|Year : 2023 | Volume
| Issue : 1 | Page : 32-36
Comparison of two thoracic kinesio-taping techniques on pulmonary function, oxygen saturation, and exercise capacity in COPD patients: A randomized clinical trial
BR Ganesh1, N Praneetha2, Varun Naik2
1 Department of Physiotherapy, Assam Down Town University, Assam, India
2 Department of Cardiovascular and Pulmonary Physiotherapy, KLE Institute of Physiotherapy, Belagavi, Karnataka, India
|Date of Submission||26-Oct-2022|
|Date of Decision||06-Apr-2023|
|Date of Acceptance||17-Jul-2023|
|Date of Web Publication||11-Aug-2023|
B R Ganesh
Department of Physiotherapy, Assam Down Town University, Guwahati, Assam
Source of Support: None, Conflict of Interest: None
Context: Chronic obstructive pulmonary disease (COPD), though a disease of the lung, the extrapulmonary manifestations contribute significantly to morbidity and mortality.
Aim: This study aims to evaluate and compare the effects of two different thoracic kinesio taping techniques on pulmonary function, oxygen saturation, and exercise capacity in patients with COPD.
Settings and Design: A randomized clinical trial was conducted across tertiary health-care hospitals in Belagavi, Karnataka.
Subjects and Methods: A total of 42 participants aged 30–65 years (51.58 ± 10.21 years) participated in the study. All participants underwent baseline evaluations for pulmonary function, oxygen saturation, and exercise capacity, following which they were randomly allocated to one of the two intervention groups. Both groups, Group A (diaphragmatic taping) and Group B (intercostal muscle taping), were given intervention for 15 days, with the applied tape changed on every 3rd day. Postintervention evaluation was performed on the 15th day.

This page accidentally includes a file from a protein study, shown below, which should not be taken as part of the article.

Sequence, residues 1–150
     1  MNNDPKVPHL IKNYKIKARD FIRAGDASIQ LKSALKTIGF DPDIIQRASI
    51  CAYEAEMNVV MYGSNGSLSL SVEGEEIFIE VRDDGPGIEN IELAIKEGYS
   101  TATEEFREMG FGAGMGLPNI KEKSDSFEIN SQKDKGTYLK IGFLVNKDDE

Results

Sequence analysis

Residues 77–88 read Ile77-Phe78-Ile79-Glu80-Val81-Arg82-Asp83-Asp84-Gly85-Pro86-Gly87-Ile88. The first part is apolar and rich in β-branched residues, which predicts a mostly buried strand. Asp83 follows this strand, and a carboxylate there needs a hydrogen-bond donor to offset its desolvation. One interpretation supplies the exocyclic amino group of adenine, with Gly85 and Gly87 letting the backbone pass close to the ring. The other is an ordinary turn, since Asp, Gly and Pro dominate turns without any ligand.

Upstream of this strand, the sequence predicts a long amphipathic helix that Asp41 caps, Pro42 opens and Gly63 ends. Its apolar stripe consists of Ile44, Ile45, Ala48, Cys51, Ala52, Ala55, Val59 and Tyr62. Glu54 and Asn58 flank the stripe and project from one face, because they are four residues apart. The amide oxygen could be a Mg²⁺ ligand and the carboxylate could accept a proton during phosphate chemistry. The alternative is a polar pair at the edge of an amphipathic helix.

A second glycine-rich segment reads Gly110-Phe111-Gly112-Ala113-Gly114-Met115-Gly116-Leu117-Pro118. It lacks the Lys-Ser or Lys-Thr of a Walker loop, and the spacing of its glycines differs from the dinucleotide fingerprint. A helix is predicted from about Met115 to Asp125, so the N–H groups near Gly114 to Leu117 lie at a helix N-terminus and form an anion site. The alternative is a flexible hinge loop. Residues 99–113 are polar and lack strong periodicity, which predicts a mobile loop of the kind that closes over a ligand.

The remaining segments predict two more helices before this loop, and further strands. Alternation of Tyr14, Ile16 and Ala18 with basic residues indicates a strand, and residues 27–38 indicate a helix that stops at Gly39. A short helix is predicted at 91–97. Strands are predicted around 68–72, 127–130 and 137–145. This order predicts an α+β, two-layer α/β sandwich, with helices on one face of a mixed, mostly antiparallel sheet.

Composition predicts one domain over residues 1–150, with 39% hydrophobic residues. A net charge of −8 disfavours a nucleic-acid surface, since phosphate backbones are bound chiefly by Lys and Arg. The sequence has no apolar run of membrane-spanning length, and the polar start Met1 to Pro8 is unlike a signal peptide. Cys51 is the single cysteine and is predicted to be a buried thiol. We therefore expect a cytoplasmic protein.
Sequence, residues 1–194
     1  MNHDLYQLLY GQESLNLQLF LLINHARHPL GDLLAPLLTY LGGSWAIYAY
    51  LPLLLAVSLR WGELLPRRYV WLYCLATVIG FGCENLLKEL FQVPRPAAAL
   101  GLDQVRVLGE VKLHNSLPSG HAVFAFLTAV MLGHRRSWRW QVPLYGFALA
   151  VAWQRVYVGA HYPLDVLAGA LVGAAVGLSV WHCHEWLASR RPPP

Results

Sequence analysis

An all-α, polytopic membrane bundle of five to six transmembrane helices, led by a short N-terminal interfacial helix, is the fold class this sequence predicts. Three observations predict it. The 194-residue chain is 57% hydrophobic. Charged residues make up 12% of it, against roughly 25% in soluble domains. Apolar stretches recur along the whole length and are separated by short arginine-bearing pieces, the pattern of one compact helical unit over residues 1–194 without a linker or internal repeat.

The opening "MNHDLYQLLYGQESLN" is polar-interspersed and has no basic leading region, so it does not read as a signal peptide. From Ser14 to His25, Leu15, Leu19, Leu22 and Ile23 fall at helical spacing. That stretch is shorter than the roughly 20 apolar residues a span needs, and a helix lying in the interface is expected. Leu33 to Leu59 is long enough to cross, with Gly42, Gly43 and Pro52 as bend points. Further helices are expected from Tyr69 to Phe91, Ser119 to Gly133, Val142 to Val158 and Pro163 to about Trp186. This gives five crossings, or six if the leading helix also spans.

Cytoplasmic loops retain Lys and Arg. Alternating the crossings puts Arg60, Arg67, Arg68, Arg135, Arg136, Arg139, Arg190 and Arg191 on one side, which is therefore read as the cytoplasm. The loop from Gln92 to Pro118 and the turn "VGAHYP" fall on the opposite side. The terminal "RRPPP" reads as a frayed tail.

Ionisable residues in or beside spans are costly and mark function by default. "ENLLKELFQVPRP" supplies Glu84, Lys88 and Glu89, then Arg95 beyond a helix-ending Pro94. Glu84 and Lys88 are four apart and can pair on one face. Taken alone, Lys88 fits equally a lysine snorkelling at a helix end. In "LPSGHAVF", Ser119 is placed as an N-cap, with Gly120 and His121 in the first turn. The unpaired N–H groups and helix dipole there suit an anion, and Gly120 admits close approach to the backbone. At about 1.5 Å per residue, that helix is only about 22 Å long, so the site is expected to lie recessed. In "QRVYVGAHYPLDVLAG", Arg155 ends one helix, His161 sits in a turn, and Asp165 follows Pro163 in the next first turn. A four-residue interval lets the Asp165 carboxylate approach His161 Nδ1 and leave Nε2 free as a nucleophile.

Statistical Analysis: Mann–Whitney test was used for between-group comparison, and the Wilcoxon test was used for within-group comparison.
Results: A significant improvement was noted in all parameters in Group A except forced expiratory volume in 6 s (FEV6) (P = 0.47) and FEV1/FEV6 (P = 0.301) ratio when compared with preintervention values. In Group B, all the parameters showed a significant improvement compared to preintervention values. The between-group comparison showed that only FEV1/FEV6 (P = 0.018) ratio showed a significant improvement.
Conclusion: There is no significant difference between diaphragmatic taping and intercostal muscle taping technique. It was noted that both the techniques were equally effective in improving pulmonary function, oxygen saturation, and exercise capacity in COPD patients. Hence, thoracic kinesio taping, in addition to conventional physiotherapy treatment, can help in achieving better patient outcomes.
Keywords: Chronic obstructive pulmonary disease, Exercise capacity, Oxygen saturation, Pulmonary function, Thoracic kinesio taping
|How to cite this article:|
Ganesh B R, Praneetha N, Naik V. Comparison of two thoracic kinesio-taping techniques on pulmonary function, oxygen saturation, and exercise capacity in COPD patients: A randomized clinical trial. Indian J Phys Ther Res 2023;5:32-6
|How to cite this URL:|
Ganesh B R, Praneetha N, Naik V. Comparison of two thoracic kinesio-taping techniques on pulmonary function, oxygen saturation, and exercise capacity in COPD patients: A randomized clinical trial. Indian J Phys Ther Res [serial online] 2023 [cited 2023 Oct 1];5:32-6. Available from: https://www.ijptr.org/text.asp?2023/5/1/32/383675
| Introduction|| |
Chronic obstructive pulmonary disease (COPD) continues to be a major health concern worldwide. The characteristic features of COPD are chronic and persistent limitation to airflow. Among the various causative factors of COPD, smoking is the most common, followed by passive smoking, inhalation of organic and inorganic fumes, chemical agents, outdoor air pollution, and occupational dust. The presenting symptoms of COPD are often progressive dyspnea, cough, and sputum.